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Jessica Fino 13 Jul 2017 12:53pm

Google wins £970m tax case in France

The tech giant has avoided paying €1.1bn (£970m) in back taxes after a French court ruled that its Irish subsidiary was not liable for tax in France

Last year, Google’s Paris headquarters were raided as part of an investigation into aggravated financial fraud and organised money laundering.

The prosecutor's office said at the time the searches were the result of a preliminary investigation opened on 16 June, 2015 relating to aggravated tax fraud and organised money laundering following a complaint from the French fiscal authorities.

But the French court said on Wednesday that it believed Google did not have a "permanent establishment" or sufficient taxable presence in France to justify the tax bill.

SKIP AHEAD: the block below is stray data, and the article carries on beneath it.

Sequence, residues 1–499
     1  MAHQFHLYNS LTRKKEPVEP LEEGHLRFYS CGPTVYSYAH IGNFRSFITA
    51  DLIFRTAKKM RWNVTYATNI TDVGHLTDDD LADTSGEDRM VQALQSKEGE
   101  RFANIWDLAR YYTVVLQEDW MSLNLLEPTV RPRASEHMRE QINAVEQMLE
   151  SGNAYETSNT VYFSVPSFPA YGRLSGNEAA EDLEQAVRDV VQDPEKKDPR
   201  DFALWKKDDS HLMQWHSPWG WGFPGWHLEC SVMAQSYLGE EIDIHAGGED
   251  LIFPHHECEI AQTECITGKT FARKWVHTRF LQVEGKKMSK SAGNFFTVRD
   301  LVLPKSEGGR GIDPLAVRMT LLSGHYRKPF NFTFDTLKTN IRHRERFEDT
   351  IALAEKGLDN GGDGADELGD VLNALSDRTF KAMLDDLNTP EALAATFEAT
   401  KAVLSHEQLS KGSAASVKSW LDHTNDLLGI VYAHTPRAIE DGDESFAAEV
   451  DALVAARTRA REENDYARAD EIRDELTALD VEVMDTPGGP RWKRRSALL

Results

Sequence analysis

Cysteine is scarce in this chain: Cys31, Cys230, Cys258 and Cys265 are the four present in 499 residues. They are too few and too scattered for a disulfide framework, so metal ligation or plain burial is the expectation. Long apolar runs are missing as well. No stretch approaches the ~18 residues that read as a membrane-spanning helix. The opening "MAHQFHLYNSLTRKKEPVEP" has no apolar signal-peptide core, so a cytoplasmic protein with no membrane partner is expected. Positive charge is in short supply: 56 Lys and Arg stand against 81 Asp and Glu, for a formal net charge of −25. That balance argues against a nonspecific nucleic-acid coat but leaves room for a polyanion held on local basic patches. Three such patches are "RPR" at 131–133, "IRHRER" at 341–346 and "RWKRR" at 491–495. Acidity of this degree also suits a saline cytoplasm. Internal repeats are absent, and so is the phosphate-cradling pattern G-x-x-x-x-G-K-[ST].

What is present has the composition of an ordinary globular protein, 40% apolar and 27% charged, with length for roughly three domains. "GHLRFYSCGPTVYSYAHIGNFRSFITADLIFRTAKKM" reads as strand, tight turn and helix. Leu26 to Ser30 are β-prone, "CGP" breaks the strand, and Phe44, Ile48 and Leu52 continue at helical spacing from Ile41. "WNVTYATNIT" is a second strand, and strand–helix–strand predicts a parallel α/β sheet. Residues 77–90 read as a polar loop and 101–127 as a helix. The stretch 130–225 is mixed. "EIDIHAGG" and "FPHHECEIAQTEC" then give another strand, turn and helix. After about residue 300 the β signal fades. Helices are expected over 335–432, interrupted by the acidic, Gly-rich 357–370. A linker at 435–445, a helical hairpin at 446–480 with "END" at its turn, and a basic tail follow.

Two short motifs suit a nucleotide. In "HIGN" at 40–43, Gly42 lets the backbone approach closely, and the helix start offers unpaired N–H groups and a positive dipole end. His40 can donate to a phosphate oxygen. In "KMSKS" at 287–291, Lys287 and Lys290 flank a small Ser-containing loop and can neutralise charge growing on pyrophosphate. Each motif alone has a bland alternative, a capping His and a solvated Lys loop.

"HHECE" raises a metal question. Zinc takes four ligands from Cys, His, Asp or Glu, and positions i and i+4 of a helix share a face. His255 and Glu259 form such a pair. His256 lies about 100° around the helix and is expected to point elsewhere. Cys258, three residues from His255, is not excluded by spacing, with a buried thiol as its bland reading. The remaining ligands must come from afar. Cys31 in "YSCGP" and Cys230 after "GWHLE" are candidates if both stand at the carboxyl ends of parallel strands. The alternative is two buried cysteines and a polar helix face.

According to the BBC, the court said in a statement, "Google Ireland Ltd isn't taxable in France over the period 2005-2010.”

A Google spokesperson said, “After a thorough review by the Public Rapporteur, the French Administrative Court of Paris has confirmed Google abides by French tax law and international standards.

“We remain committed to France and the growth of its digital economy."

In the UK, the government received fierce criticism last year after it struck a deal with the multinational which would see it pay only £130m in back taxes covering a 10-year period.

In Italy earlier this year, Google offered to pay a tax bill of up to €280m to its tax authorities. It had been accused of avoiding €227m in taxes between 2009 and 2013 by channelling revenue through its operations in Ireland.

Meanwhile in Spain, the company's offices in Madrid were raided over discrepancies concerning its tax affairs.

The Spanish tax authorities suspected the company was not declaring some of its activities in the country. However, the investigators did not reveal how much they were seeking to recover.

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